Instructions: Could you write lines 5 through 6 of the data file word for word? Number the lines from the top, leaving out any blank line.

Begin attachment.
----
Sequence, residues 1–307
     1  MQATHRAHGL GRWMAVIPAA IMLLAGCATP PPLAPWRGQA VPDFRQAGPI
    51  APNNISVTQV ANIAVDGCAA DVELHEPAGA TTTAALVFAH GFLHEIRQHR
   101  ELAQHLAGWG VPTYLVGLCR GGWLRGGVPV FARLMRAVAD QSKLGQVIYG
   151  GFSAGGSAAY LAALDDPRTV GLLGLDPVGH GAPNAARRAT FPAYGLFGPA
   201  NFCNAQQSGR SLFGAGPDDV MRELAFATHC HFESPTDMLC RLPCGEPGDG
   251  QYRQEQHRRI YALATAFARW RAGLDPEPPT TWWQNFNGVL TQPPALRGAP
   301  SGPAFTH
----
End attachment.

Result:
   151  GFSAGGSAAY LAALDDPRTV GLLGLDPVGH GAPNAARRAT FPAYGLFGPA
   201  NFCNAQQSGR SLFGAGPDDV MRELAFATHC HFESPTDMLC RLPCGEPGDG